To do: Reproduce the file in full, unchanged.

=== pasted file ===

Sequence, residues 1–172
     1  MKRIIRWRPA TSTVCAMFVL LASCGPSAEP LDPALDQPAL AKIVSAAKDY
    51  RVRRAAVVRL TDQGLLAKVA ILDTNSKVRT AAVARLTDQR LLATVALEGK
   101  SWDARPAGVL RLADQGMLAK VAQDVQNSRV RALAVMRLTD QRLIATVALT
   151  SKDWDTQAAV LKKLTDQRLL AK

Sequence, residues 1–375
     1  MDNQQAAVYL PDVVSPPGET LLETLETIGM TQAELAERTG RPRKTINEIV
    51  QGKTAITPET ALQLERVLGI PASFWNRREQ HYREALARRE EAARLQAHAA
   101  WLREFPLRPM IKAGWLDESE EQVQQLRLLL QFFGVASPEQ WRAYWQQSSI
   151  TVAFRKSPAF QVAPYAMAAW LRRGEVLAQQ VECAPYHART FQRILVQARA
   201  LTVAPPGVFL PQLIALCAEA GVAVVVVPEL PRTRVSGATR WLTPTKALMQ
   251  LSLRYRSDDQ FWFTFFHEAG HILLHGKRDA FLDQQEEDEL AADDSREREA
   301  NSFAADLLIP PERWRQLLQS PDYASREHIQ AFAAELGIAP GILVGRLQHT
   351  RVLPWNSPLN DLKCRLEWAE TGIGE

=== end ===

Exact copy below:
Sequence, residues 1–172
     1  MKRIIRWRPA TSTVCAMFVL LASCGPSAEP LDPALDQPAL AKIVSAAKDY
    51  RVRRAAVVRL TDQGLLAKVA ILDTNSKVRT AAVARLTDQR LLATVALEGK
   101  SWDARPAGVL RLADQGMLAK VAQDVQNSRV RALAVMRLTD QRLIATVALT
   151  SKDWDTQAAV LKKLTDQRLL AK

Sequence, residues 1–375
     1  MDNQQAAVYL PDVVSPPGET LLETLETIGM TQAELAERTG RPRKTINEIV
    51  QGKTAITPET ALQLERVLGI PASFWNRREQ HYREALARRE EAARLQAHAA
   101  WLREFPLRPM IKAGWLDESE EQVQQLRLLL QFFGVASPEQ WRAYWQQSSI
   151  TVAFRKSPAF QVAPYAMAAW LRRGEVLAQQ VECAPYHART FQRILVQARA
   201  LTVAPPGVFL PQLIALCAEA GVAVVVVPEL PRTRVSGATR WLTPTKALMQ
   251  LSLRYRSDDQ FWFTFFHEAG HILLHGKRDA FLDQQEEDEL AADDSREREA
   301  NSFAADLLIP PERWRQLLQS PDYASREHIQ AFAAELGIAP GILVGRLQHT
   351  RVLPWNSPLN DLKCRLEWAE TGIGE